This survey demonstrated that 76.7% of Japanese young adult patients with cancer reported having at least one unmet supportive care needs. The prevalence was relatively high in the psychological domain and low in the sexual domain. In a multiple regression analysis, perceived poorer PS, experience of change in work/school life after a cancer diagnosis and poor social support were associated with total needs. The findings suggest potential opportunities for intervention in addressing psychological needs rather than physical and information needs. And our study would lay a foundation for future intervention studies to improve their psychological adjustment and QOL.
Availability of data and materials
The datasets used and analyzed during the current study are available from the corresponding author on reasonable reason.
Adolescence and young adults
Quality of life
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This study was supported by the Project Mirai Cancer Research Grants from Japan Cancer Society and the Grant-in-Aid from Japanese Ministry of Health Labor and Welfare [grant number 19EA1012]. These funding sources had no role in the design, methods, analyses, results of this study, or in the preparation of this article.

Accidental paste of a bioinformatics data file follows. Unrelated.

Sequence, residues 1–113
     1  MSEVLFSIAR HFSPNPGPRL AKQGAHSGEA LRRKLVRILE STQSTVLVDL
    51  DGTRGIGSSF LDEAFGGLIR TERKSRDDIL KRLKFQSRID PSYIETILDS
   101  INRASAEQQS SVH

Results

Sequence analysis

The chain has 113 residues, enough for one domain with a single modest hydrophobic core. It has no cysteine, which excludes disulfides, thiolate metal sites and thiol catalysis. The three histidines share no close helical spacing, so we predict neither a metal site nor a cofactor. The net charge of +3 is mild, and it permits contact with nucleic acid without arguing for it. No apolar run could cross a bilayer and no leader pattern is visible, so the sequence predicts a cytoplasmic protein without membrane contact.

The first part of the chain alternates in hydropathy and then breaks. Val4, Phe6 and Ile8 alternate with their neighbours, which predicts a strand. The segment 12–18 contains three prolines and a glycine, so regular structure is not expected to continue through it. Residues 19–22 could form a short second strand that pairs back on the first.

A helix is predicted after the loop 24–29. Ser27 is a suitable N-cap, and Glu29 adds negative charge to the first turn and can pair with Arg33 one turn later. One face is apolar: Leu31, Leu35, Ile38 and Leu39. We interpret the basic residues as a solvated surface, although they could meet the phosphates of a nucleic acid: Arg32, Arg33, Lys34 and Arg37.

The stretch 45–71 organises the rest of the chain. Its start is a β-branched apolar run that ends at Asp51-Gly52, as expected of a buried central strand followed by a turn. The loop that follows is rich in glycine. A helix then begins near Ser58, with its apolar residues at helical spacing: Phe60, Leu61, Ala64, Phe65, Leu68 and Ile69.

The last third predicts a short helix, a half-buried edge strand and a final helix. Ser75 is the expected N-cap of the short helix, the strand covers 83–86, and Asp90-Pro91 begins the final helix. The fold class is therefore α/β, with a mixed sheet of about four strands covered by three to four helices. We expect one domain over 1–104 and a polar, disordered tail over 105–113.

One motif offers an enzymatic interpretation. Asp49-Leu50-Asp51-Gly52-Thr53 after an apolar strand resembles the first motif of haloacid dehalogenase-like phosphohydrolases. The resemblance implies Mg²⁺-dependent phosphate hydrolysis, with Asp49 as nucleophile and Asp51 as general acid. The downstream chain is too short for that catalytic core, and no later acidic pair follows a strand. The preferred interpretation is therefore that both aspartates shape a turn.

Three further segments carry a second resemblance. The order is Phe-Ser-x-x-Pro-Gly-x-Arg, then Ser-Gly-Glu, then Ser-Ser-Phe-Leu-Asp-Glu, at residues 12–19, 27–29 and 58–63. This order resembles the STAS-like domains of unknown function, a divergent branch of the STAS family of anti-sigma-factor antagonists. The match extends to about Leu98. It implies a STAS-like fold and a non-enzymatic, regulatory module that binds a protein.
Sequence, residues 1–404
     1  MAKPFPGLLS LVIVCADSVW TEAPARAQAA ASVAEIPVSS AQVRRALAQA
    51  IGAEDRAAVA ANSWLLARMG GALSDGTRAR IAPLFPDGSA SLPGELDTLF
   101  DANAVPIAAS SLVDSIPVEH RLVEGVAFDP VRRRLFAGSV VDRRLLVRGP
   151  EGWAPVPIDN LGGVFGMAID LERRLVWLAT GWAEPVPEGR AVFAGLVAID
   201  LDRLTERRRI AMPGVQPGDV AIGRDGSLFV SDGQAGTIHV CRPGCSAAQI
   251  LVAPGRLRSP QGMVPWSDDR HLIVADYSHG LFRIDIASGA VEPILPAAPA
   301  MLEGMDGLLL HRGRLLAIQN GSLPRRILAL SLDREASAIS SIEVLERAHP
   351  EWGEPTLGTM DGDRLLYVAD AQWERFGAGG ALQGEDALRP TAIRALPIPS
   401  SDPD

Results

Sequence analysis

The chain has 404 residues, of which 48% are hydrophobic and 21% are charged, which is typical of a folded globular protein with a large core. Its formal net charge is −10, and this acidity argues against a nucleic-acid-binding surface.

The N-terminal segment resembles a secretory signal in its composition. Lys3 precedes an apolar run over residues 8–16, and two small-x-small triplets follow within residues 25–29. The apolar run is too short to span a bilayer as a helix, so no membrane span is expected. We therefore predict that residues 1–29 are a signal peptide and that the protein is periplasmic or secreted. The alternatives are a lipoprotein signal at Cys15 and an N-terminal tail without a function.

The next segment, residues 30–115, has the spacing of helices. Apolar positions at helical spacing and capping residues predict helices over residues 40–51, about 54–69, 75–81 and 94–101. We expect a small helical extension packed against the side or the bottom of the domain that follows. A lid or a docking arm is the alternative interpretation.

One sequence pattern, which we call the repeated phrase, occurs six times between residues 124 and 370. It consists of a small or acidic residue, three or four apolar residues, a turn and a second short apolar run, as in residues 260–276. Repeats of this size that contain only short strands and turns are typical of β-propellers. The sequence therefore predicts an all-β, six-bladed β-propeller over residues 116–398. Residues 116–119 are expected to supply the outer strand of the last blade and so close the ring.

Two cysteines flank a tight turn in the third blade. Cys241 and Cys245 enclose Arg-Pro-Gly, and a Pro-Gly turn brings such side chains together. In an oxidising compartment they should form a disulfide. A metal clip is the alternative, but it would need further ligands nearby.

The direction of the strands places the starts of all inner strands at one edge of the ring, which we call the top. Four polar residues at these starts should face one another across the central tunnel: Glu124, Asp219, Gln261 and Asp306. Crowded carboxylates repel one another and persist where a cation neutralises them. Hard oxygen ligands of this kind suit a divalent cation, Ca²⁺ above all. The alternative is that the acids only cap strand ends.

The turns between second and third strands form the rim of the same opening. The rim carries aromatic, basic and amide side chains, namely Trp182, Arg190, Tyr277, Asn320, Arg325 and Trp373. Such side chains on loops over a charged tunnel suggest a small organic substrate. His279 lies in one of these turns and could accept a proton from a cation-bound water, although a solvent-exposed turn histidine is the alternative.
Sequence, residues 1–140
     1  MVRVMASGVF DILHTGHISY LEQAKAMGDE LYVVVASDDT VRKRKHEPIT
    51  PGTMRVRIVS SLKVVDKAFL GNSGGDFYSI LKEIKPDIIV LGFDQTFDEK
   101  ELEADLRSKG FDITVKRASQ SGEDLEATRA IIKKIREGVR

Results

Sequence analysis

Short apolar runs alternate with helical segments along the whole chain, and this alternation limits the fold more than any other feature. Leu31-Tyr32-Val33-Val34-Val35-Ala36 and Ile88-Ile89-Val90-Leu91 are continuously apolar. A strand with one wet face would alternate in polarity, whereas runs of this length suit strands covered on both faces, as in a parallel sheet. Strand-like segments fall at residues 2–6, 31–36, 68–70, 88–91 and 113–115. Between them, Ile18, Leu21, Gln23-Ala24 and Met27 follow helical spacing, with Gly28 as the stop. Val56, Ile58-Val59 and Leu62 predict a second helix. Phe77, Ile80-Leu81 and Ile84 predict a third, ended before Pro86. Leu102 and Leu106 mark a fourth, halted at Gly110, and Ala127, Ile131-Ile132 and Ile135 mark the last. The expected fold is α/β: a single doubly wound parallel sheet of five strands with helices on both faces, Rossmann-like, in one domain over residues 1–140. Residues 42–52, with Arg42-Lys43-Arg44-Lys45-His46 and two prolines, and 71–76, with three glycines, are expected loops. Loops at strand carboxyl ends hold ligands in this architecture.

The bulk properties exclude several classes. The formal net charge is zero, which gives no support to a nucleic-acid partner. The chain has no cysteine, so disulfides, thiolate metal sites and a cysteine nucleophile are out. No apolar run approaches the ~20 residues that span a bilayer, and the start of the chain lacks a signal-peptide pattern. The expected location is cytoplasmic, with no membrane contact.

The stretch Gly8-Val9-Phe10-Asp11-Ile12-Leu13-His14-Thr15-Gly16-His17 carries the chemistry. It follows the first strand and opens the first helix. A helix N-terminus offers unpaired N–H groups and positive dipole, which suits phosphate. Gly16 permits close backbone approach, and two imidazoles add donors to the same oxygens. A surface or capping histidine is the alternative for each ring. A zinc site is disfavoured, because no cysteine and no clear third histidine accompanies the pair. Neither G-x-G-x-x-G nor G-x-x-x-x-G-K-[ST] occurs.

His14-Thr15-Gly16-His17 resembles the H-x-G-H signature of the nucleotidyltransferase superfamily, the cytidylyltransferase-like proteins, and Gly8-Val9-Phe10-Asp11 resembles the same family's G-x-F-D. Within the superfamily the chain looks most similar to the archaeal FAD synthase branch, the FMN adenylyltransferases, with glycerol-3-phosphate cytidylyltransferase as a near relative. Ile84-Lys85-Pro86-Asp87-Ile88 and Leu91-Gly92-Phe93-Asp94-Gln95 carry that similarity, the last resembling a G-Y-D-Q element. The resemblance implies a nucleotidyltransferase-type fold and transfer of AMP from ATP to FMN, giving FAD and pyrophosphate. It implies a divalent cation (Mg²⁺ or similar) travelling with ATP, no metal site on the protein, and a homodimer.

Ethics approval and consent to participate
Potential participants first read introductory statements that summarized the contents of the questionnaire and explained they could withdraw at any time if they wished so. Responses were considered consent to participate. Those who were 16–19 years old were asked to confirm the consent of their parents. This study was approved by the Institutional Review Board and Ethics Committee of the National Center for Neurology and Psychiatry, Japan, and was conducted in accordance with the principles laid down in the Helsinki Declaration.
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Okamura, M., Fujimori, M., Sato, A. et al. Unmet supportive care needs and associated factors among young adult cancer patients in Japan. BMC Cancer 21, 17 (2021). https://doi.org/10.1186/s12885-020-07721-4
- Cancer patient
- Supportive care
- Unmet needs
- Young adult